Monday, January 23, 2017

The French Scandal Continues!

Justin Trudeau in 1994. Just because...
The Canadians troll the rest of the world by flaunting their absurdly petty problems.

What happened: Justin Trudeau, during a townhall event in Quebec, a famously French-speaking province, was asked a question in English, by a woman bitching that it's difficult to get government-funded mental healthcare in English, there in Quebec.

Trudeau, who is fiercely pro-bilingual, answered the woman in French. This was a week ago, but the Canadian pundits cannot let it go.

Meanwhile my French language skills are increasing, slowly but steadily. I'm getting a good handle on French numbers, thanks to practicing with my English-French iPhone app every day. But I still cannot imagine why the French have such a crazy numbering system - they count from one to sixty-nine in the English language style. OK, their teens are a little off - they say onze (11), douze (12), treize (13), quatorze (14) quinze (15) and seize (16) but then they give up on unique words for seventeen through nineteen and say ten-seven, ten-eight and ten-nine (dix-sept, dix-huit, dix-neuf).

But then they switch it up from 70 - 100: They say sixty-eight, sixty-nine (soixante-huit, soixante-neuf) so far, so good, but then, instead of having a distinct word for "seventy" they go sixty-ten, sixty-eleven, sixty-twelve  (soixante-dix, soixante et onze, soixante-douze) et. cetera. THEN instead of having a distinct word for eighty, they call it four twenty (quatre vingt) - presumably because 4 x 20 = 80. No I am not kidding. And then they use the same system as with seventy when they get to ninety. So if you want to say 99 you say quatre vingt dix-neuf - four twenty ten-nine. It's like you have to do math problems just to count.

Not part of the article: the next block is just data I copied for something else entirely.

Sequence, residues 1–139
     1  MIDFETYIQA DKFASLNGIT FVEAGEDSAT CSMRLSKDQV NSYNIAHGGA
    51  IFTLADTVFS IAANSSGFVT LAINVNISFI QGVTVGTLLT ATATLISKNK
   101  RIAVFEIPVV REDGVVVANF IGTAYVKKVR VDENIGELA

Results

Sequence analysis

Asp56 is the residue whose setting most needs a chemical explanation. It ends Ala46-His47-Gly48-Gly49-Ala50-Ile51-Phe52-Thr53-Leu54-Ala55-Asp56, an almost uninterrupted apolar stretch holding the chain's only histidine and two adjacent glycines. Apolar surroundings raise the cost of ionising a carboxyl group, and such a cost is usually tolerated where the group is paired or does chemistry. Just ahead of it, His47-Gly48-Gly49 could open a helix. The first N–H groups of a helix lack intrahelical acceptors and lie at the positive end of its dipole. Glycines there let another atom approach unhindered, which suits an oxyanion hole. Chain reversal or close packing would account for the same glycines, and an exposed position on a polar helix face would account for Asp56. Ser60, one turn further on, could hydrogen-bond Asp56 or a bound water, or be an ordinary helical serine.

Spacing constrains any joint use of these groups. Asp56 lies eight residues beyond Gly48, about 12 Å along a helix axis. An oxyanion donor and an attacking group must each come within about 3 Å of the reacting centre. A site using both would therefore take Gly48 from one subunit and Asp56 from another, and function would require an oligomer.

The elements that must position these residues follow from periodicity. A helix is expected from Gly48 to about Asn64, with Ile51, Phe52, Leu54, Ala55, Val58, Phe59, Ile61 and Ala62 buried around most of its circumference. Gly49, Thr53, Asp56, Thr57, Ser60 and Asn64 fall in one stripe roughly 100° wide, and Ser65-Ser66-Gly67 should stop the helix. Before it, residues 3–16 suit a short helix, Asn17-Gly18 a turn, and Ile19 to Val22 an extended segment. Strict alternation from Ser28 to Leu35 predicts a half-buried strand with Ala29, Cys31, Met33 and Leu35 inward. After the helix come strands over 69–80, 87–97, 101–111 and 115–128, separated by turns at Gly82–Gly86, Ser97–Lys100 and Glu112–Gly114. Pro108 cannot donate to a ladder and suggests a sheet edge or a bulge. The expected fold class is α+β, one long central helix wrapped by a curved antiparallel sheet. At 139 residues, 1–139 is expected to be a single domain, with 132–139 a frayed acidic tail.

The French do take their language very seriously - I just discovered they have the Académie Francais to police the purity of the French language:
The Académie, a council of 40 writers and artists, is entrusted with protecting French from “Anglo-Saxon” attacks and writing an official dictionary, of which the latest unfinished version began in 1992.

One of its tasks is to come up with French equivalents to unwanted English words that slip into French – for example turning “email” into “courriel”.

There is a Quebec version too.

It's quite a contrast to English, which borrows everything it can from every other language - we ain't proud.